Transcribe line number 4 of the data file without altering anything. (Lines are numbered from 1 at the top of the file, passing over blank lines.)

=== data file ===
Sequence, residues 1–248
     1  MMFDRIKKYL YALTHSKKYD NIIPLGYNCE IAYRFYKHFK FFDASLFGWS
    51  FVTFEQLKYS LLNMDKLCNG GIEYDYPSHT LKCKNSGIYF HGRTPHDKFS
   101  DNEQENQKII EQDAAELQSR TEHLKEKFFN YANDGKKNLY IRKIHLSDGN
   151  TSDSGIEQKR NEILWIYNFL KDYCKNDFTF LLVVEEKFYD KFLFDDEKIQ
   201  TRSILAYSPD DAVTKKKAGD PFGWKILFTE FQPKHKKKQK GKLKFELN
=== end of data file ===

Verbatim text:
   101  DNEQENQKII EQDAAELQSR TEHLKEKFFN YANDGKKNLY IRKIHLSDGN